TODAY is Martin Luther King Jr Day in the United States and across the world. The annual event, which marks the civil rights leader’s birthday on 15 January 1929 (and is observed on the third Monday of January each year), has added poignancy in 2021, with the overt resurgence of white supremacy, Christian Nationalism, post-truth and proto-fascism under the presidency of Donald J. Trump.
The federal holiday in the United States (sometimes referred to as MLK Day) was first observed on 20 January 1986, having been approved under the Reagan presidency. However, it had initially been proposed by labour unions and civil rights activists, and was vigorously and determinedly opposed by major elements of the political right, including overt and less overt racists. We should never forget that.
In other words, the status of Dr King was and is a matter of dispute – because his brand of nonviolent direct action, thoroughgoing anti-racism and Christian socialism was far too radical for most in the corporate establishment. Indeed, in his own day, and right up to his assassination on 4 April 1968 in Memphis, Tennessee, Dr King was a substantially unpopular figure in the United States.
It is important to remember and recognise this, because a milquetoast version of Martin Luther King Jr has long been in circulation. It is designed to remove the threatening, cutting-edge nature of his nonviolence, to turn his pacifism into something more resembling passivism (a move that parts of the left have used to caricature him, too) and to minimise the degree of social revolution he stood for.
In fact, Dr King’s nonviolent vision, strongly rooted in a Baptist faith shaped by what we would now call liberation theology, was one that saw anti-racism as inextricably linked with economic justice, with opposition to militarism and what became known as the military-industrial complex, and with a substantial overhaul of representative democracy in favour of active participation and the decisive role of poor and working class people.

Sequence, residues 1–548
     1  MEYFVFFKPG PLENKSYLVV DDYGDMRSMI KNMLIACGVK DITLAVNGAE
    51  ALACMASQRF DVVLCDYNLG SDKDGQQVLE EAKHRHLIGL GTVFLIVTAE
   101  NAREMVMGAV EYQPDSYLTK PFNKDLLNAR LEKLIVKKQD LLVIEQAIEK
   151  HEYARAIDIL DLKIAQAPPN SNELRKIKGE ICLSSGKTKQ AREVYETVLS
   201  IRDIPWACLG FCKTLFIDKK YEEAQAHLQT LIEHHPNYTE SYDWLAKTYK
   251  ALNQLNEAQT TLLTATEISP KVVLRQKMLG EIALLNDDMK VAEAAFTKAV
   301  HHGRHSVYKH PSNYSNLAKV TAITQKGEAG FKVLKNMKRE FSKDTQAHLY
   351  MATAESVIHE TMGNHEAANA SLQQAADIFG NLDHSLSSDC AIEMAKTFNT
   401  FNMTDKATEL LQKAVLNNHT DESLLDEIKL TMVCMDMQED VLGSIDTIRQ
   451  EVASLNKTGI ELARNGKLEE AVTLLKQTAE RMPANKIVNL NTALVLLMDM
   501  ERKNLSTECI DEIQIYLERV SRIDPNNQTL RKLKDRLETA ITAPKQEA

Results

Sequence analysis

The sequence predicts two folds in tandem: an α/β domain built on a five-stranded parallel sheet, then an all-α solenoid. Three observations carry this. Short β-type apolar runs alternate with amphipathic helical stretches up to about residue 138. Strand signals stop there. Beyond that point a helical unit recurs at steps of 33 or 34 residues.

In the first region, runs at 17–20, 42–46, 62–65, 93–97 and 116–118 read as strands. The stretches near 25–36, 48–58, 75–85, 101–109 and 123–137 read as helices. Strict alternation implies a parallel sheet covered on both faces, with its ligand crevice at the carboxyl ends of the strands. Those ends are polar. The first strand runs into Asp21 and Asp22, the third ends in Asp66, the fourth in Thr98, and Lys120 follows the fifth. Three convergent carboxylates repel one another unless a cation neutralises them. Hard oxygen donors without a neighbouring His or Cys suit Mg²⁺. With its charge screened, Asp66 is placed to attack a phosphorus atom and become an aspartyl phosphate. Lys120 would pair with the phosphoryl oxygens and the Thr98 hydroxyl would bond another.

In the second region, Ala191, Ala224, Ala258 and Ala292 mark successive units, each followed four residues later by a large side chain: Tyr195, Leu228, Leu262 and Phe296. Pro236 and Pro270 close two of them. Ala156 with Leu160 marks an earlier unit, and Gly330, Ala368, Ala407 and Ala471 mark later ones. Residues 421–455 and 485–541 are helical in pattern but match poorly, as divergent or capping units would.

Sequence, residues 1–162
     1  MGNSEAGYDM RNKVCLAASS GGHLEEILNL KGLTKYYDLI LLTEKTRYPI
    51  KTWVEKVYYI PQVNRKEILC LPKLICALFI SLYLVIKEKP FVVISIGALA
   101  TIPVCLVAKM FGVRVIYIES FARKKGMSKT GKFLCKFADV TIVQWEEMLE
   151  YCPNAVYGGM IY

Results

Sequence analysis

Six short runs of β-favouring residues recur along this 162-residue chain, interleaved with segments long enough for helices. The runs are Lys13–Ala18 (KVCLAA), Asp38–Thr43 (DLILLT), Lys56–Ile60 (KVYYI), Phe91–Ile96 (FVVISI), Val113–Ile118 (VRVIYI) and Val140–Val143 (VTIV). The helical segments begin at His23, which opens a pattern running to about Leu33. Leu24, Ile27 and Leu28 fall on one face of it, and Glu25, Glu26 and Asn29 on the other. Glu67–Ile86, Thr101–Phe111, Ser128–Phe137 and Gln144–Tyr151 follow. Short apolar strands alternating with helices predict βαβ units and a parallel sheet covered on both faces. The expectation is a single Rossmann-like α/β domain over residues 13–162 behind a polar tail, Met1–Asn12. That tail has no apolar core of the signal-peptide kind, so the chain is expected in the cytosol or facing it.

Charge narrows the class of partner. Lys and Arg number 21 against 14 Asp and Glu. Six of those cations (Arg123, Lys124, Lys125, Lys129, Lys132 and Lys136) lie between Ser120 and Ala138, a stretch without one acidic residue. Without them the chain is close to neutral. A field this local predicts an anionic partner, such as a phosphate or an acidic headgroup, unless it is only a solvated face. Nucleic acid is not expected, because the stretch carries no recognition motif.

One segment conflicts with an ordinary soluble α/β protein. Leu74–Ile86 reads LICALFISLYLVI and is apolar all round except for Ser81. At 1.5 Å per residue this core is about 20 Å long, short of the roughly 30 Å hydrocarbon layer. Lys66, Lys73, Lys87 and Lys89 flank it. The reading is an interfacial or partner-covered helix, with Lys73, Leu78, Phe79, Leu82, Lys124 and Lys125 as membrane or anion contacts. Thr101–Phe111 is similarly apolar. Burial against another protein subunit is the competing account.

We do both ourselves and Dr King a severe disfavour when we water-down, deny or marginalise that radicalism, or when terms like “healing” and “reconciliation”, which he championed in the right way and under the right circumstances, get used (for example) to minimise or wish away the criminality, corruption, divisiveness and violence associated with the rise of Trump, the core movement he has built, and the deep complicity of the Republican Party in all this.
In short, until these painful realities are faced and dealt with in the public, political, social, cultural and religious arenas, it is not “time to move on” (only days after a vicious assault on the Capitol), and invoking Martin Luther King to argue for that is a huge distortion of who he was and what he stood for.
Likewise, and equally importantly, the reality of Christian Nationalism, which has existed for a long time, but whichTrumpism has brought to alarming visibility, cannot simply be dismissed as some sort of alien aberration attached to the otherwise pure body politic of historic Christianity. It is no such thing. It is the latest manifestation of that part of the religion’s DNA which Dr King would have unflinchingly identified as “slaveholder religion”.